The 2021 Yankees made clear to me what many others already knew, and which I certainly suspected. Most winners in sports have soul, it’s more than a mere business, and leadership starts, … well; that’s a good question. Since the end of the Georgian era in Yankees baseball the Yankees have been led through a lowest common denominator leadership style, one where rather than use subjective factors to make decisions (instincts, hunches, a sense of fairness), only objective criteria matter, objective in the sense that decisions are pretty much automatic. No extensions, self-imposed spending caps, and analytics, even if those charged with using them don’t really understand them.
While the Yankees in the post Georgian era have been full of stars on the field, or at least former stars, management has sought to shift the spotlight unto its own, principally onto near-do-well general manager Brian Cashman, a man who apparently seeks to steal the spotlight while micromanaging Yankees coaches, Yankees coaches top to bottom whose primary attribute is obedience; yes men for the most part. And it renders on the field talent less than potent, it ruins intriguing talent arriving from the minor leagues. The mania for waiting out opposing pitchers by taking pitches is maddening, disheartening, depressing and de-energizing.
Cashman’s strategy, supported whole heartedly by a managing general partner too timid to do anything but count beans, seems to be to field a team almost good enough to succeed, one that can be defended in the media so that memorabilia and brand products continue to sell, but not one with real heart. Not that another World Series pennant wouldn’t be welcome, only that notwithstanding the slogans, it is not really the ultimate goal, at least for the team’s administrators. And that attitude breaks and demoralizes the players, who, frustrated by the absence of real leadership, underperform.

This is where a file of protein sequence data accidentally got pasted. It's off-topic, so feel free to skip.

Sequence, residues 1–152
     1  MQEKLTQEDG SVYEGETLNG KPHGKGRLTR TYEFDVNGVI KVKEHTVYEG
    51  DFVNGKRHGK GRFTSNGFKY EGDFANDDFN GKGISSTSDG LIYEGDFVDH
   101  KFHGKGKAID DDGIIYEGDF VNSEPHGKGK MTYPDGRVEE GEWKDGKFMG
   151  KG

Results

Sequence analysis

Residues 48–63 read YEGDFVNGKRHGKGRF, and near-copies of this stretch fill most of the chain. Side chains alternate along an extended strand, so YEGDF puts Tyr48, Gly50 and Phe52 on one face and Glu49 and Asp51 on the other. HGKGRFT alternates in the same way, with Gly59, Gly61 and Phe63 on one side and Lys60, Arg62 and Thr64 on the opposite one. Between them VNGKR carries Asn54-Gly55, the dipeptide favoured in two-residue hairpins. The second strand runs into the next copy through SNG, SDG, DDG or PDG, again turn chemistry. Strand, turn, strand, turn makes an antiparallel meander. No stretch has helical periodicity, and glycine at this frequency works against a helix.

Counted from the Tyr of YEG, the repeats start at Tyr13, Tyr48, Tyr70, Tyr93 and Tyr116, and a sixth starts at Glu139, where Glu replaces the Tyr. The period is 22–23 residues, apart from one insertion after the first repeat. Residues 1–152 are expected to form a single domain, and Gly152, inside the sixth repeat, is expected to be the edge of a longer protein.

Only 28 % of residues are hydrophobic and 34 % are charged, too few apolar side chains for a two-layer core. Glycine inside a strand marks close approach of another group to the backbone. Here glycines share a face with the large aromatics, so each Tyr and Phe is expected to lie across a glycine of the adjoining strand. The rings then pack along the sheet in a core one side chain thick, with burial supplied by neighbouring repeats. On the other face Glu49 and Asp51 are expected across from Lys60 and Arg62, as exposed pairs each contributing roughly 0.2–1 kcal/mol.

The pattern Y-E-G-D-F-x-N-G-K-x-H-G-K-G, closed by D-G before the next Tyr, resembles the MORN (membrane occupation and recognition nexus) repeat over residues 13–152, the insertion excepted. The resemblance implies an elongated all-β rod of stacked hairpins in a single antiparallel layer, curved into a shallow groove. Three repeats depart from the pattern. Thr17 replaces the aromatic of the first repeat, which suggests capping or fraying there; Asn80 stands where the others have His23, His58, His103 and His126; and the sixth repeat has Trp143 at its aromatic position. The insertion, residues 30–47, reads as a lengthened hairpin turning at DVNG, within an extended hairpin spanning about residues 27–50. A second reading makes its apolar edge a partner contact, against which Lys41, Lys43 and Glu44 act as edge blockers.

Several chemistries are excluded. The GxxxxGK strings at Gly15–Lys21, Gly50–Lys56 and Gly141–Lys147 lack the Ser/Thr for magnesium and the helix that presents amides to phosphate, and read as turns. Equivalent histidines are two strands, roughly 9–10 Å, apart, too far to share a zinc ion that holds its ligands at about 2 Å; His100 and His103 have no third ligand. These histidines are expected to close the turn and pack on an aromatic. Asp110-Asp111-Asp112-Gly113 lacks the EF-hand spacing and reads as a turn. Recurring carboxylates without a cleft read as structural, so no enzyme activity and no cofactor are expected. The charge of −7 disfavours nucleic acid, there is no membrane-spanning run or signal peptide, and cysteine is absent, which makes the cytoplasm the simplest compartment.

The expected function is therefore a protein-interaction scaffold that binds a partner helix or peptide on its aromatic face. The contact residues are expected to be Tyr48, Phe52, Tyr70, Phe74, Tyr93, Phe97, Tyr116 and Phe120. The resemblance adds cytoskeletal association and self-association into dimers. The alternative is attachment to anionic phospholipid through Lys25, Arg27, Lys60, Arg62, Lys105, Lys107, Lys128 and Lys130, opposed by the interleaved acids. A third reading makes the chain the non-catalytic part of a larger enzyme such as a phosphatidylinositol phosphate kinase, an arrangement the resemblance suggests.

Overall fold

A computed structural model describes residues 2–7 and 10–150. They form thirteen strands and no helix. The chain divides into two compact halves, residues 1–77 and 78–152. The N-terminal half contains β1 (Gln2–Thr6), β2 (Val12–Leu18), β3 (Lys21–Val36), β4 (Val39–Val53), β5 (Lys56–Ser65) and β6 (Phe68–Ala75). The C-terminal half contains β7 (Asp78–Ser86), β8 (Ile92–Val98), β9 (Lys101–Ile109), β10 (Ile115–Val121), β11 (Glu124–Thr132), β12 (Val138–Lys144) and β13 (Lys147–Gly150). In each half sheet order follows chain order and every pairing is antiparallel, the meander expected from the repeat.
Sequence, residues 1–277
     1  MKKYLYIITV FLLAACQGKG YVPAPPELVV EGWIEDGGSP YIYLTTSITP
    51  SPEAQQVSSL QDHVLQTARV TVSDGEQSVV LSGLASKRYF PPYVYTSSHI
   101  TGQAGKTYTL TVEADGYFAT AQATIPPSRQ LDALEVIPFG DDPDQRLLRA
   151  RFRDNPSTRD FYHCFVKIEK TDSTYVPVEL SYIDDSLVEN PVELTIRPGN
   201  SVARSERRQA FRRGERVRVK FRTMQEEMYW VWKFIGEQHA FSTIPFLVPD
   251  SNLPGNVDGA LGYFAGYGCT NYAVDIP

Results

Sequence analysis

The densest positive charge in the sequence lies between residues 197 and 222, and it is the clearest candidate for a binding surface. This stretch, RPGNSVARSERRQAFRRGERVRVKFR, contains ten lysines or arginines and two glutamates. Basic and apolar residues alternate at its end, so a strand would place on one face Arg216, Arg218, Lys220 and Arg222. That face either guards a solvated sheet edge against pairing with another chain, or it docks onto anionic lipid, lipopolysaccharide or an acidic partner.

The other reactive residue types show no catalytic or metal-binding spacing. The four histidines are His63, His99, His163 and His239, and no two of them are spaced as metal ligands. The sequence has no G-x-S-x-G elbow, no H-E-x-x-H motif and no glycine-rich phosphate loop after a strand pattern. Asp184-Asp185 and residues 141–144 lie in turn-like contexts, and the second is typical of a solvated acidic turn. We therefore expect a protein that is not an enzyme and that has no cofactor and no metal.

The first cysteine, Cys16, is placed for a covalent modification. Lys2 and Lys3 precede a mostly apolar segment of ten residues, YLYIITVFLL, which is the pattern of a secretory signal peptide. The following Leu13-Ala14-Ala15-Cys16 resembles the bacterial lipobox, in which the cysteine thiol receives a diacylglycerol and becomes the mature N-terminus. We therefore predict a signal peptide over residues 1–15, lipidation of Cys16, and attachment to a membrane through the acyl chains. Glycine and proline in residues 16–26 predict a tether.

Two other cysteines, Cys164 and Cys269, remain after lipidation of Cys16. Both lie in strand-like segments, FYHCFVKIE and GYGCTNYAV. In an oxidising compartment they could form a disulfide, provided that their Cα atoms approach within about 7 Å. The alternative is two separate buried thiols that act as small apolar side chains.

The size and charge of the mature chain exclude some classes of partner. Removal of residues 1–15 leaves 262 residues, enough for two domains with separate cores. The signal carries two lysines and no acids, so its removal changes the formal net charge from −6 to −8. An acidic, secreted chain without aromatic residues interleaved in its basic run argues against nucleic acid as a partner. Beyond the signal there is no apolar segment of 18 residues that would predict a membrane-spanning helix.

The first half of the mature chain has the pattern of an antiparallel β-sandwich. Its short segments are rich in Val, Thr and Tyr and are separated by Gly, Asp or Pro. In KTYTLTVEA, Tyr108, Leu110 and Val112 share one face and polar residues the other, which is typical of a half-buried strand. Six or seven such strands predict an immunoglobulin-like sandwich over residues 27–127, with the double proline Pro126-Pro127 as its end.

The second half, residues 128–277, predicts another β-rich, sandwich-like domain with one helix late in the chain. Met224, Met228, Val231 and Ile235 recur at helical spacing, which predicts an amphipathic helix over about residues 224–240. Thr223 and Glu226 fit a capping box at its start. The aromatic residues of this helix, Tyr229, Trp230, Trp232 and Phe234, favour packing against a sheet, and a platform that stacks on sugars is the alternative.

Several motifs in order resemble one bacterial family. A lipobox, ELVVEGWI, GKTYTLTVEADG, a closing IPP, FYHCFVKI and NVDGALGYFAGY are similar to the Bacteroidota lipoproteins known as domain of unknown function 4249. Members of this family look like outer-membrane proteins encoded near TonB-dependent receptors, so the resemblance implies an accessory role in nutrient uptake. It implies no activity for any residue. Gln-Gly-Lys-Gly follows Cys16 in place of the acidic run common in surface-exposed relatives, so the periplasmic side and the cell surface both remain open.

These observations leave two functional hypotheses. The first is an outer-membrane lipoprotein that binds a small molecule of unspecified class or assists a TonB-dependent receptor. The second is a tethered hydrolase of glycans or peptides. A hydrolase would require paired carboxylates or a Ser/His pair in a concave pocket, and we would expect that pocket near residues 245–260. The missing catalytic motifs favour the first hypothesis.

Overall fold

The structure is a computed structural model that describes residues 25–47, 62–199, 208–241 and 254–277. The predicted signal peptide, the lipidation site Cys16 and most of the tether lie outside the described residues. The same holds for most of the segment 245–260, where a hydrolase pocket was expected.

Cashman is the antithesis of George Steinbrenner and Derek Jeter and Paul O’Neil and David Cone and Jorge Posada and Andy Pettit and Mariano River, etc., the men Gorge led to championship after championship. And son Hal, who deprecates his father’s style, is the poster boy for happy mediocrity. Failure doesn’t really bother him and it certainly doesn’t bother Brian. Aaron Boone is their ideal manager. But the Yankees, to many of us, are much more than this team, much more than the mediocre product of the Hal and Brian era. They are a long chain akin to the long grey lines at the Citadel and VMI and West Point, where pride and tradition and a special ethic keep generating a very special product.
They represent a spirit we love where Ruth and Gehrig and DiMaggio and Mantle and Berra and Ford and so many, many others watch over their successors demanding that once pinstripes are donned, the best the players wearing ever had becomes the norm. But Hal and Brian and now Aaron Boone have managed to dampen that energy for every year in this millennium but one. And apparently, given Hal’s indifference, there’s nothing to be done.
What a shame!!! But then, shame has no impact on them, only beans count.
© Guillermo Calvo Mahé; Manizales, 2021; all rights reserved. Please feel free to share with appropriate attribution.
Guillermo (“Bill”) Calvo Mahé (a sometime poet) is a writer, political commentator and academic currently residing in the Republic of Colombia (although he has primarily lived in the United States of America of which he is also a citizen). Until 2017 he chaired the political science, government and international relations programs at the Universidad Autónoma de Manizales. He is currently a strategic analyst employed by Qest Consulting Group, Inc. He has academic degrees in political science (the Citadel), law (St. John’s University), international legal studies (New York University) and translation and linguistic studies (the University of Florida’s Center for Latin American Studies). He can be contacted at firstname.lastname@example.org and much of his writing is available through his blog at http://www.guillermocalvo.com.